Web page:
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Prognostic Factors in Early-Stage Leiomyosarcoma of the Uterus
  1. Manuela Pelmus, MD, PhD*,
  2. Frédérique Penault-Llorca, MD, PhD,
  3. Louis Guillou, MD,
  4. Françoise Collin, MD§,
  5. Gérard Bertrand, MD,
  6. Martine Trassard, MD,
  7. Agnès Leroux, MD**,
  8. Anne Floquet, MD,,
  9. Eberhard Stoeckle, MD,,
  10. Laurence Thomas§§ and
  11. Gaëtan MacGrogan, MD∥∥
  1. * Department of Pathology, University Hospital of Sherbrooke, Quebec, Canada;
  2. Department of Pathology, Centre Jean Perrin, Clermont Ferrand, France;
  3. Institut Universitaire de Pathologie, Centre Hospitalier Universitaire Vaudois, Lausanne, Switzerland;
  4. § Department of Pathology, Centre Georges François Leclerc, Dijon, France;
  5. Department of Pathology, Centre Paul Papin, Angers, France;
  6. Department of Pathology, Centre René Huguenin, St Cloud, France;
  7. ** Department of Pathology, Centre Alexis Vautrin, Nancy, France; and Departments of
  8. †† Medical Oncology,
  9. ‡‡ Surgery,
  10. §§ Radiotherapy and
  11. ∥∥ Pathology, Institut Bergonié, Bordeaux, France.
  1. Address correspondence and reprint requests to Gaëtan MacGrogan, MD, Département de Pathologie, Institut Bergonié, 229 Cours de l'Argonne, 33076 Bordeaux Cedex, France. E-mail: macgrogan{at}


Uterine leiomyosarcomas (LMSs) are rare cancers representing less than 1% of all uterine malignancies. Clinical International Federation of Gynecology and Obstetrics (FIGO) stage is the most important prognostic factor. Other significant prognostic factors, especially for early stages, are difficult to establish because most of the published studies have included localized and extra-pelvian sarcomas. The aim of our study was to search for significant prognostic factors in clinical stage I and II uterine LMS. The pathologic features of 108 uterine LMS including 72 stage I and II lesions were reviewed using standardized criteria. The prognostic significance of different pathologic features was assessed. The median follow-up in the whole group was 64 months (range, 6-223 months). The 5-year overall survival (OS) and metastasis-free interval and local relapse-free interval rates in the whole group and early-stage group (FIGO stages I and II) were 40% and 57%, 42% and 50%, 56% and 62%, respectively. Clinical FIGO stage was the most important prognostic factor for OS in the whole group (P = 4 × 10−15). In the stage I and II group, macroscopic circumscription was the most significant factor predicting OS (P = 0.001). In the same group, mitotic score and vascular invasion were associated with metastasis-free interval (P = 0.03 and P = 0.04, respectively). Uterine LMSs diagnosed using standardized criteria have a poor prognosis, and clinical FIGO stage is an ominous prognostic factor. In early-stage LMS, pathologic features such as mitotic score, vascular invasion, and tumor circumscription significantly impact patient outcome.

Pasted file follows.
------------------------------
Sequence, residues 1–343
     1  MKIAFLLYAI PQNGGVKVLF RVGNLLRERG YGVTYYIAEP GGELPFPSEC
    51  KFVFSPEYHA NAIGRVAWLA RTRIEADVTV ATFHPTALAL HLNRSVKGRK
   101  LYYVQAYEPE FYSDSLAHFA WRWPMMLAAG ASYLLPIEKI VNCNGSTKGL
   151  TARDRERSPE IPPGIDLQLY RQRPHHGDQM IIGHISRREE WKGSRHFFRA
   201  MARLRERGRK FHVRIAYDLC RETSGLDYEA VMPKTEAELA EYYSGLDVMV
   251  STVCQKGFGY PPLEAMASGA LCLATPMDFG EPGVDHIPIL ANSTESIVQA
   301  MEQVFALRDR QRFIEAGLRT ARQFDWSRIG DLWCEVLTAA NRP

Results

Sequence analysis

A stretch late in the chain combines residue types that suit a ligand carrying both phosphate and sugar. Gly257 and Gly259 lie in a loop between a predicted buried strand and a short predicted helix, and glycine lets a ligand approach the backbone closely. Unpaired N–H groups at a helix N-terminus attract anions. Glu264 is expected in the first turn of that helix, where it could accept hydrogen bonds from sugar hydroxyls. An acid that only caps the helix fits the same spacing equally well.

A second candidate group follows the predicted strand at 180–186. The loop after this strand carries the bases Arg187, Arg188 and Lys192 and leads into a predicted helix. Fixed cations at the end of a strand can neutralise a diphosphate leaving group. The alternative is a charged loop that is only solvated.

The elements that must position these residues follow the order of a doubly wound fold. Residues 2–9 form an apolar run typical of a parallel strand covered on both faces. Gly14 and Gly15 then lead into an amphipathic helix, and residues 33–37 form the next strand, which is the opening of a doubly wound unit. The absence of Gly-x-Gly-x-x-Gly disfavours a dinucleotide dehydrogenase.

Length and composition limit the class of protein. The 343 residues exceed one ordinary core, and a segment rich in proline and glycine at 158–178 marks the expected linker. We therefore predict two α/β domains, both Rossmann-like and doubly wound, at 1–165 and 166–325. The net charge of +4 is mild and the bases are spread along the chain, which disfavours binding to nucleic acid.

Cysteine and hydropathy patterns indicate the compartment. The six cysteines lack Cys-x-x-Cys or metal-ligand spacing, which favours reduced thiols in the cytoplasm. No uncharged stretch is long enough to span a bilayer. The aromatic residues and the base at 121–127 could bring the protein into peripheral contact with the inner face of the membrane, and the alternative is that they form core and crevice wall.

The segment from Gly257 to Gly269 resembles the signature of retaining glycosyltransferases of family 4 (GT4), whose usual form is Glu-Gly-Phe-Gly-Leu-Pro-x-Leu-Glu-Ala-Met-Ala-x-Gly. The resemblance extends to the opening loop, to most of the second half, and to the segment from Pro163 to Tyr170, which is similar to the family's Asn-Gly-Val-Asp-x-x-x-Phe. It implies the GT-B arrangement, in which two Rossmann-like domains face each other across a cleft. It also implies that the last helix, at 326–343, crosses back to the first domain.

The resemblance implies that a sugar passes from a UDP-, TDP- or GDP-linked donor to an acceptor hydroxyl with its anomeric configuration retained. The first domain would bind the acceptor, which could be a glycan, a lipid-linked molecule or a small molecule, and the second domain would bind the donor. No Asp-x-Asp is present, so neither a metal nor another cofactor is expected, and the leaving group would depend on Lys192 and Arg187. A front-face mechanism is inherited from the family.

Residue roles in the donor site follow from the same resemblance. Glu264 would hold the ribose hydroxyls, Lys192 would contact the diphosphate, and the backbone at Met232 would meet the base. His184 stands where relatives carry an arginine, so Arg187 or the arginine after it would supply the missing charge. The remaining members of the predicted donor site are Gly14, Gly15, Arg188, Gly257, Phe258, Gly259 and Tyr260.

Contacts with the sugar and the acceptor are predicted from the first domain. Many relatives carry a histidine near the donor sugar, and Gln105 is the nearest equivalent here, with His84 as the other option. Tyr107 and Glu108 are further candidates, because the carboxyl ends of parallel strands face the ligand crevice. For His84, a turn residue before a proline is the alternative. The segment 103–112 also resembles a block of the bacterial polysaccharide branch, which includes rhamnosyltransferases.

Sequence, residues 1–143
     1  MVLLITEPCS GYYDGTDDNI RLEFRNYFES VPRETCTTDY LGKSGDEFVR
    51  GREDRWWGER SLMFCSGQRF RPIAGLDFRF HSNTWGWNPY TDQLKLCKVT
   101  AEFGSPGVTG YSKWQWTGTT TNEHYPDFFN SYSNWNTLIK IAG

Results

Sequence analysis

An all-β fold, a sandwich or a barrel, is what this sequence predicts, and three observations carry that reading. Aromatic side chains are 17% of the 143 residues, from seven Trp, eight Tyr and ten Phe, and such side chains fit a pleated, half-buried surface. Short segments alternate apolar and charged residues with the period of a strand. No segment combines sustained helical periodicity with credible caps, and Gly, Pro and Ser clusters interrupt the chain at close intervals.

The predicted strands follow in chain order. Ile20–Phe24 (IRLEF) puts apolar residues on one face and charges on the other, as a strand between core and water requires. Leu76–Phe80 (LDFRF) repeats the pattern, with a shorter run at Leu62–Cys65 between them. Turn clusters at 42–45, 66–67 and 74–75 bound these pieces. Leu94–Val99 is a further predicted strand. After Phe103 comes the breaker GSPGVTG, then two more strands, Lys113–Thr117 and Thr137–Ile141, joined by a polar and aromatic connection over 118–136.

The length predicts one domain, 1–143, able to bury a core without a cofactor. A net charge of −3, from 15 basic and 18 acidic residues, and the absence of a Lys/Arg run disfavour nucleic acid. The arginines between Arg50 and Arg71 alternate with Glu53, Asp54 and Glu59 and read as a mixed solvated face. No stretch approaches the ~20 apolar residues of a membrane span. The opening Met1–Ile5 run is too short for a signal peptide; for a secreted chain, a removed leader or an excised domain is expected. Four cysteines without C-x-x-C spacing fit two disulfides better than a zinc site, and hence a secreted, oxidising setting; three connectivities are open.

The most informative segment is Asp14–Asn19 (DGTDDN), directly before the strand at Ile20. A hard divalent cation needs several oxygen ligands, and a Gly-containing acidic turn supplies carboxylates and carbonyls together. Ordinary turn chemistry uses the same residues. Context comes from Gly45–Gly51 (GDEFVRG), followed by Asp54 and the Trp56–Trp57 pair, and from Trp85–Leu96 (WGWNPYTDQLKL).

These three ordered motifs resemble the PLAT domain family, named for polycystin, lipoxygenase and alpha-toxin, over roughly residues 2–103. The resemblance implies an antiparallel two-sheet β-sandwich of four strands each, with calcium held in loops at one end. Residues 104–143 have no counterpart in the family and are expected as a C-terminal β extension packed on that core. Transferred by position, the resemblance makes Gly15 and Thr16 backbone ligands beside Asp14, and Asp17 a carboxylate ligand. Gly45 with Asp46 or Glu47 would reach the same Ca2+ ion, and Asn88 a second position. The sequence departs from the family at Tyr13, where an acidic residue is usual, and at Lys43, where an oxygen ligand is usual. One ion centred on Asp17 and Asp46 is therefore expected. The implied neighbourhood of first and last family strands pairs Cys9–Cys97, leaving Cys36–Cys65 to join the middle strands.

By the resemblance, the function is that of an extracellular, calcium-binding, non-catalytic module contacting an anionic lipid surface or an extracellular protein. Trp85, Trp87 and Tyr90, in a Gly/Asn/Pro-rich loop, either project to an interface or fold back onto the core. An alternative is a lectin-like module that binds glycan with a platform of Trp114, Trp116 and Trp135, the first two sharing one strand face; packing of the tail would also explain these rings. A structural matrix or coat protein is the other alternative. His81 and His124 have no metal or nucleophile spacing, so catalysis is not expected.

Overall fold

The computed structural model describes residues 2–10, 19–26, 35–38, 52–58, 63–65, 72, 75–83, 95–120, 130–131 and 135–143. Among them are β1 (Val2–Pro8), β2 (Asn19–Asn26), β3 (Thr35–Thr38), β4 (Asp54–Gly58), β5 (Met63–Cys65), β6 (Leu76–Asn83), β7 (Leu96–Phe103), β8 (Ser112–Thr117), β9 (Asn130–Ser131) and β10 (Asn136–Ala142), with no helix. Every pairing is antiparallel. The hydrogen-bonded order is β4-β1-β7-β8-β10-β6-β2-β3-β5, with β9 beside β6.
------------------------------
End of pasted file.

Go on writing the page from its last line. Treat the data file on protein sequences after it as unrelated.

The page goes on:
• Leiomyosarcoma
  • Uterus
  • FIGO stage
  • Prognosis

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